Funghi sott’olio. So much more than just an Italian version of pickled mushrooms.
I’ve eaten these as part of an antipasti plate since I was a kid. Standard pickled mushrooms, let’s face it, can be slippery and even rubbery. Not a great texture. But these are meaty, chewy and just a shade funky — mushroomy in all the best ways.
I never really knew just how the Italians did it until I read Rosetta Costantino’s My Calabria. In it, Costantino reveals her family’s method for preserving mushrooms in oil, and when I read her recipe, I was immediately struck by how similar it is to a Sicilian technique I use every year when I have too much zucchini. Makes sense, as Calabria is only a few miles from Sicily.
Basically you need to remove water from the mushrooms, then boil them in vinegar, then dry them out a bit before submerging in oil. It is a method I’ve seen done with a lot of foods, even meat on occasion. What this particular do-si-do of preservation does is first use salt to pull the existing water from the food.
Once the food is reasonably dry, acidify it with vinegar — bad bugs find it tough to survive in low Ph environments. Finally, keep air (and molds) off the food by submerging it in olive oil.
You should know there is no official USDA protocol for this method of preservation. Costantino tried to get the government to give its vaguely papal gesture for her recipe, but they declined. Suffice to say it works: The Italians have been doing it for centuries, if not millennia.
I tested this method with five kinds of mushrooms: button mushrooms, hedgehog mushrooms, chanterelles, lobster mushrooms and porcini. You need a meaty mushroom to begin with or this method will not work.
Other mushrooms I might try preserving sott’olio would be blewits, pig’s ears (Gomphus clavatus), shiitake, matsutake, king trumpet mushrooms, and maybe chicken of the woods. Bottom line: The ‘shroom’s gotta have heft.
That’s why porcini and their boletus cousins are the ideal. Try this with a leccinum or a birch bolete and you’ll transform a mediocre mushroom into something special.
A few pointers to start:
- Wash your mushrooms and trim any bad spots. Be sure the shrooms are not wormy.
- Use high quality ingredients: Good olive oil, sea salt, quality vinegar, good lemons. You can definitely taste the difference.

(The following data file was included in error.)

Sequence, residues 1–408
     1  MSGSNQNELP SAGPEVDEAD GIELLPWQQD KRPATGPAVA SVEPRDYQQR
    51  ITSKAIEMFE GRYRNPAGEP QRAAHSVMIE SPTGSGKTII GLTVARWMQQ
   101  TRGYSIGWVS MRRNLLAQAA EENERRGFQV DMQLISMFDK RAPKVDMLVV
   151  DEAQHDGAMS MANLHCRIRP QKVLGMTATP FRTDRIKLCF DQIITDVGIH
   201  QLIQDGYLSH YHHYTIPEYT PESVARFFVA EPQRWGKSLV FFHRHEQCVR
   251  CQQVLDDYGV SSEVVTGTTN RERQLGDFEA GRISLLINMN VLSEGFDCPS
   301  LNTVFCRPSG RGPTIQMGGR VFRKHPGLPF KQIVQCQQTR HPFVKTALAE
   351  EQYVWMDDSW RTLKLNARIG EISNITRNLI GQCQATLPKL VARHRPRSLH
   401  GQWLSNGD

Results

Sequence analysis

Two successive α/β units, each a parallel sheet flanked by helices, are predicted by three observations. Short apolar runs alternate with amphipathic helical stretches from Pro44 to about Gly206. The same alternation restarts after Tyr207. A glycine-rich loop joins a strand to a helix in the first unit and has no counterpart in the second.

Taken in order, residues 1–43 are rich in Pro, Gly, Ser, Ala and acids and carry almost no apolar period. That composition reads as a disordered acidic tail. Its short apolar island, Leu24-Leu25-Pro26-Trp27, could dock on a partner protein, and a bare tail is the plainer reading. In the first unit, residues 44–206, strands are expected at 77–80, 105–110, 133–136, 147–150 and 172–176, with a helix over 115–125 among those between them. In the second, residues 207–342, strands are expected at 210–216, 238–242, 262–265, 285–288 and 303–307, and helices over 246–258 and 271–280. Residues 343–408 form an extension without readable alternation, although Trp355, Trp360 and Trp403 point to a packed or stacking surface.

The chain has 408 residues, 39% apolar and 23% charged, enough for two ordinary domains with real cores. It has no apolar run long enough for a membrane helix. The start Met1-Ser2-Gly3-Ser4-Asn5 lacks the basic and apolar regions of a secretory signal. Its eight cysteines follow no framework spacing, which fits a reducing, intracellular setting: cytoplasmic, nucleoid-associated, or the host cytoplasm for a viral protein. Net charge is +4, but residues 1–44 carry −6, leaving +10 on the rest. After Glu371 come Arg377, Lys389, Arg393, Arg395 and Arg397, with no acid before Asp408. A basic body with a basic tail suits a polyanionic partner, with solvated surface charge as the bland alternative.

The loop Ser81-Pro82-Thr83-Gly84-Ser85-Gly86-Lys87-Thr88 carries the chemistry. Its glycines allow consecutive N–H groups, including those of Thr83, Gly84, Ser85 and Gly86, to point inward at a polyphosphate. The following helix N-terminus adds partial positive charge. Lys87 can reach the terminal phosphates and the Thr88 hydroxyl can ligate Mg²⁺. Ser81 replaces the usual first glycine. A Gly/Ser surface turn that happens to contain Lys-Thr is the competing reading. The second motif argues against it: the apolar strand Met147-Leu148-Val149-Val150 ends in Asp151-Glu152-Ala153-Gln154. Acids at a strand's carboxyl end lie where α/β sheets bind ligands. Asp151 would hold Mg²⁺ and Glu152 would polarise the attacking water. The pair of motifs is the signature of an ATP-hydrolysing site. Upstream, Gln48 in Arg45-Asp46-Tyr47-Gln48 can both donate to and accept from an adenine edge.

- Store your mushrooms in glass containers, in the fridge. It is entirely probable that they are shelf stable, but I am not a fan of botulism, so I keep mine in the refrigerator.
The recipe that follows is approximate. You may need more or less of the ingredients to fit your containers. One tip: Start with more mushrooms than you think you need. They shrink a lot in this process, and are so good you will run out long before you’re tired of eating them.
These may just be the best marinated mushrooms you will ever eat. This method of preserving them highlights how meaty certain mushrooms can be, and the marinade is a perfect blend of Southern Italian flavors: lemon, chile, olive oil, oregano. I have found that boletes are the best for this: porcini, birch boletes, leccinum species and the like. But any other meaty mushroom works. For store-bought shrooms, use cremini, shiitake or king trumpets. You don't need any special equipment to make these mushrooms, but you need time. It takes a day to make them -- or at least a couple hours if you have a dehydrator. But the time spent is more than worth it.
- 3 to 4 pounds meaty mushrooms
- 2 pints white vinegar or cider vinegar
- Kosher salt or pure sea salt
- Zest of a lemon, sliced into wide strips
- 4 dried hot chiles, split lengthwise
- 1 tablespoon dried oregano
- 1 cup extra virgin olive oil
- Cut the mushrooms into reasonable pieces. With small mushrooms, like a button mushroom, you need only cut them in half, and you can leave the smaller ones whole. With large chanterelles and porcini, cut them into 1/2 inch thick slices. They will shrink a lot in this process, and they will be pliable, so they can be a little larger than you'd think they ought to be.
- Salt them well. Lay down a layer of salt on a sheet tray and place the mushrooms on it. If the mushroom has a flat side, i.e., a button mushroom sliced in half, lay the flat side down against the salt. Sprinkle a heavy layer of salt over the tops of all the mushrooms.
- Let this stand at room temperature for 1 to 2 hours. You will notice a lot of water coming out of the mushrooms. This is good.
- Note that I have left the "sponge" on the porcini in the pictures. I no longer do this because the sponge gets really slimy and icky in this process, and tends to stick to everything. Better to remove the sponge and dry it. It makes great porcini powder.
- Put the mushrooms between paper towels and gently squeeze them a bit to remove a little more water.
- Boil them in the vinegar for five minutes. The mushrooms will want to float. Use tongs or something to submerge them as much as you can. Fish out the mushrooms and put them between paper towels again and gently squeeze them to remove some of the vinegar.
- Lay the mushrooms on a clean cloth to dry. Let them air dry until they are no longer damp, but still pliable. Don't let them dry out into leather. Turn the mushrooms once or twice during this time. This will take between 12 to 24 hours, depending on how dry it is in your house and how much air circulation you have going.
- You can also use a dehydrator to speed up the process, but keep an eye on it: Mushrooms can go from perfect to leather in a hurry if you're not careful!
- Add the seasonings. Put the oil, lemon zest, oregano and chile in a bowl and toss the mushrooms in them. Pack this into glass jars. Use a chopstick or some other kind of clean stick to poke around the jar -- you want to find and remove as many air bubbles as possible. Make sure the mushrooms are submerged in the oil.
- Refrigerate and wait at least a week before eating. These mushrooms will keep in the fridge for 6 months.